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What Inspires Leisure Time Invention?

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  • Davis, Lee N.
  • Davis, Jerome
  • Hoisl, Karin
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    Abstract

    This paper seeks to understand the intriguing but only sparsely explored phenomenon of “leisure time invention,” where the main underlying idea for the new product or process occurs when the inventor is away from the workplace. We add to previous research by focussing on the inventive creativity of the individual researcher, and reassessing the image of researchers inventing during unpaid time – who have often been dispatched as “hobbyists”. Based on the responses from a survey of over 3,000 German inventors, we tested hypotheses on the conditions under which leisure time invention is likely to arise. Results suggest that the incidence of leisure time invention is positively related to exposure to a variety of knowledge inputs – but, surprisingly, not to the quality of prior inventive output. Leisure time inventions are more frequently observed in conceptual-based technologies than in science-based technologies, in smaller R&D projects, and in externally financed R&D projects.

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    File URL: http://epub.ub.uni-muenchen.de/10457/1/DDH_leisure_time_WP_LMU.pdf
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    Bibliographic Info

    Paper provided by University of Munich, Munich School of Management in its series Discussion Papers in Business Administration with number 10457.

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    Date of creation: 01 Jan 2009
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    Handle: RePEc:lmu:msmdpa:10457

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    Related research

    Keywords: Leisure Time; Inventiveness; Organizational Creativity;

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    1. Henderson, Rebecca. & Cockburn, Iain., 1994. "Measuring competence? : exploring firm effects in pharmaceutical research," Working papers 3712-94., Massachusetts Institute of Technology (MIT), Sloan School of Management.
    2. Hoisl, Karin, 2006. "Tracing Mobile Inventors – The Causality between Inventor Mobility and Inventor Productivity," Discussion Papers in Business Administration 1260, University of Munich, Munich School of Management.
    3. Wesley M. Cohen & Richard R. Nelson & John P. Walsh, 2000. "Protecting Their Intellectual Assets: Appropriability Conditions and Why U.S. Manufacturing Firms Patent (or Not)," NBER Working Papers 7552, National Bureau of Economic Research, Inc.
    4. Zvi Griliches, 1970. "Notes on the Role of Education in Production Functions and Growth Accounting," NBER Chapters, in: Education, Income, and Human Capital, pages 71-128 National Bureau of Economic Research, Inc.
    5. Ted Tschang, F. & Szczypula, Janusz, 2006. "Idea Creation, Constructivism and Evolution as Key Characteristics in the Videogame Artifact Design Process," European Management Journal, Elsevier, vol. 24(4), pages 270-287, August.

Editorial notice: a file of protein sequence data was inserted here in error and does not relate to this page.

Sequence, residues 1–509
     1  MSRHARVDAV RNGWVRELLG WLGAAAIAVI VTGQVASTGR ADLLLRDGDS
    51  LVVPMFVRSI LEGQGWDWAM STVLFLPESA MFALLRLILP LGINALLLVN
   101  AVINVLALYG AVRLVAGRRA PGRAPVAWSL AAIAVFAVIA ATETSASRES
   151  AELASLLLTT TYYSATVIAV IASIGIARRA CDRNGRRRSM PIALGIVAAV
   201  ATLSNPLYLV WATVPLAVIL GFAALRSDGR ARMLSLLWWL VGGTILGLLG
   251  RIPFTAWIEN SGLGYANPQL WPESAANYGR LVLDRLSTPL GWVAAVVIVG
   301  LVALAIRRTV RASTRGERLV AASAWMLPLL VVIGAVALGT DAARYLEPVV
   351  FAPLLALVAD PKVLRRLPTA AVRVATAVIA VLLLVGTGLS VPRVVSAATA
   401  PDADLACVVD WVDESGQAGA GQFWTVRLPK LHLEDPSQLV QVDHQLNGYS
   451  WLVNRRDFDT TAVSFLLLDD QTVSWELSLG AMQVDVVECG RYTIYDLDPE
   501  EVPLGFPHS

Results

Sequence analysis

6. Dietmar Harhoff & Francis Narin & F. M. Scherer & Katrin Vopel, 1999. "Citation Frequency And The Value Of Patented Inventions," The Review of Economics and Statistics, MIT Press, vol. 81(3), pages 511-515, August.
    7. Barton H. Hamilton, 2000. "Does Entrepreneurship Pay? An Empirical Analysis of the Returns to Self-Employment," Journal of Political Economy, University of Chicago Press, vol. 108(3), pages 604-631, June.
    8. Ray Reagans & Linda Argote & Daria Brooks, 2005. "Individual Experience and Experience Working Together: Predicting Learning Rates from Knowing Who Knows What and Knowing How to Work Together," Management Science, INFORMS, vol. 51(6), pages 869-881, June.
    9. Scott Stern, 1999. "Do Scientists Pay to Be Scientists?," NBER Working Papers 7410, National Bureau of Economic Research, Inc.
    10. Richard R. Nelson, 1959. "The Economics of Invention: A Survey of the Literature," The Journal of Business, University of Chicago Press, vol. 32, pages 101.
    11. Dahlin, Kristina & Taylor, Margaret & Fichman, Mark, 2004. "Today's Edisons or weekend hobbyists: technical merit and success of inventions by independent inventors," Research Policy, Elsevier, vol. 33(8), pages 1167-1183, October.
    12. Alvin K. Klevorick & Richard C. Levin & Richard R. Nelson & Sidney G. Winter, 1993. "On the Sources and Significance of Interindustry Differences in Technological Opportunities," Cowles Foundation Discussion Papers 1052, Cowles Foundation for Research in Economics, Yale University.
    13. Gambardella, Alfonso & Harhoff, Dietmar & Verspagen, Bart, 2008. "The Value of European Patents," CEPR Discussion Papers 6848, C.E.P.R. Discussion Papers.
    14. Thomas Astebro, 2003. "The Return to Independent Invention: Evidence of Unrealistic Optimism, Risk Seeking or Skewness Loving?," Economic Journal, Royal Economic Society, vol. 113(484), pages 226-239, January.
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